Referring to the relationship of the US and China, the Biden administration called it competitive coexistence. There will be areas where the two countries differ. The South China Sea is an example, but there are areas where we have to cooperate, such as the transnational threats. And we have to work together to make sure that we don't stumble into a conflict that neither of us really wants. These are the challenges we face.

It makes no sense to talk about [having] power over other countries. You can only solve issues by [sharing] power with other countries. We're going to have to learn to appreciate others and understand that, in a sense, we need to develop our soft power in both countries.

John Negroponte, former US deputy secretary of state

I think right now we are going through a period of some tension in the relationship, but I sincerely believe that we will find ways to get past this. These are not easy. I know the Taiwan question, the South China Sea issue and other differences are sources of friction. 

But if you think about the logic of the situation, we cannot let these kinds of differences lead to a disruption in the relationship and a threat to world peace. I think that we are destined as two countries, given the importance of our economies and the weight of our influence in the world, to have to work together.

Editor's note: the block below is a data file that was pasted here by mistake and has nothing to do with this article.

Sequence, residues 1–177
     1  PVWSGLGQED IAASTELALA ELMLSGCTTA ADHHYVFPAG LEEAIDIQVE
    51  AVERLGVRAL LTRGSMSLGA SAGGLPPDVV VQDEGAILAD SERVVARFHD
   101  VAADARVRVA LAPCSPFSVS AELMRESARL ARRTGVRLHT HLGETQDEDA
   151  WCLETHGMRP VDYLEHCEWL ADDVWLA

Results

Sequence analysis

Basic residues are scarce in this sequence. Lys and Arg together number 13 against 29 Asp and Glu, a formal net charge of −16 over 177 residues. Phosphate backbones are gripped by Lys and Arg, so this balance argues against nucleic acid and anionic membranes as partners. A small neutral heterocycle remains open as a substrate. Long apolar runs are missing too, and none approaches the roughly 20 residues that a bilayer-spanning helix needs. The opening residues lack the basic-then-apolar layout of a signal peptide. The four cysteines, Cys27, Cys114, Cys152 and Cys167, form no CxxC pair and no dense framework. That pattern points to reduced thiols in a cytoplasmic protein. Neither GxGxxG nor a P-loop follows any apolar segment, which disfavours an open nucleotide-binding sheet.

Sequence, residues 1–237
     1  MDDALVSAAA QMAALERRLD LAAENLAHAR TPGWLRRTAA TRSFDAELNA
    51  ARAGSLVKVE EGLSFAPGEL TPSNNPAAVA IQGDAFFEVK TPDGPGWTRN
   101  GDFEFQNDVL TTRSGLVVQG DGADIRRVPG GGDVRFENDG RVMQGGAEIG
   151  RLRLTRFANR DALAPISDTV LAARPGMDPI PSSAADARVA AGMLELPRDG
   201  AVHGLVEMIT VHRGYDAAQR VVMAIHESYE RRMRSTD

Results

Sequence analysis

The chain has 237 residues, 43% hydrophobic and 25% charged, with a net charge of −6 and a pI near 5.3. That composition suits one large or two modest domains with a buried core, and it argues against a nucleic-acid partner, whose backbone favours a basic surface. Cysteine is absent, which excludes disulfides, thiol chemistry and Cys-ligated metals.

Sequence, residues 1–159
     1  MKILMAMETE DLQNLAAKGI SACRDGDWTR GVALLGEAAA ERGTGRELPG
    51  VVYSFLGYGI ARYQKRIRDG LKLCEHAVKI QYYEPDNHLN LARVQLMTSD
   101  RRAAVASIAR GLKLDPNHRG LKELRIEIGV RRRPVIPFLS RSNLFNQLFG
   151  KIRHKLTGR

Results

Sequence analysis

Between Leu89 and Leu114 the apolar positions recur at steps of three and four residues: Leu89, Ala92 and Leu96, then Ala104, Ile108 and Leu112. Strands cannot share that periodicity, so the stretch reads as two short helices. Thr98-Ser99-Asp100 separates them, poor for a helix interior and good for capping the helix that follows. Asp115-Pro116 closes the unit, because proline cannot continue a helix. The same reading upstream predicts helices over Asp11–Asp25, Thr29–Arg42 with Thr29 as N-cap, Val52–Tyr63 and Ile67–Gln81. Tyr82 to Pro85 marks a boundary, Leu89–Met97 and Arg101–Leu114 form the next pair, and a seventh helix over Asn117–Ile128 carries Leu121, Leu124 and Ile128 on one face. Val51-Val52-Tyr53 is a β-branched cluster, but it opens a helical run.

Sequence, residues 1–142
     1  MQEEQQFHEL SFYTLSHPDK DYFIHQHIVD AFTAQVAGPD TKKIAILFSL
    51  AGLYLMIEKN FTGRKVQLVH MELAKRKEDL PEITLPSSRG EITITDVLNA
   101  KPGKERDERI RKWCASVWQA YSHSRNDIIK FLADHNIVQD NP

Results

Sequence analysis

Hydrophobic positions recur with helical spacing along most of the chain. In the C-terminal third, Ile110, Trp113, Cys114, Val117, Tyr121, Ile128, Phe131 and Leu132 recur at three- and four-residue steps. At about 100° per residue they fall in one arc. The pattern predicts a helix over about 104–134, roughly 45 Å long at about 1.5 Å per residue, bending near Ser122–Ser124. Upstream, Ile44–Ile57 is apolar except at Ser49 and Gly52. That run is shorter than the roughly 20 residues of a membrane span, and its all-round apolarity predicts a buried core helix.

It's not only that we want to solve some of the existing tensions and avoid any possibility of a conflict between our two countries, which would be absolutely in no one's interest. But it's also that only through the solution of these kinds of differences, are we then going to be able to realize the real potential of our bilateral relationship and the opportunities for cooperation between us on some of the major issues in the world.

We have been encountering some difficulties and challenges in our relationship. However, I'm optimistic about the long-term future. And I hope that all of us keep alive the hope of serious progress in our relationship so that we can fully recognize the potential of China-US cooperation.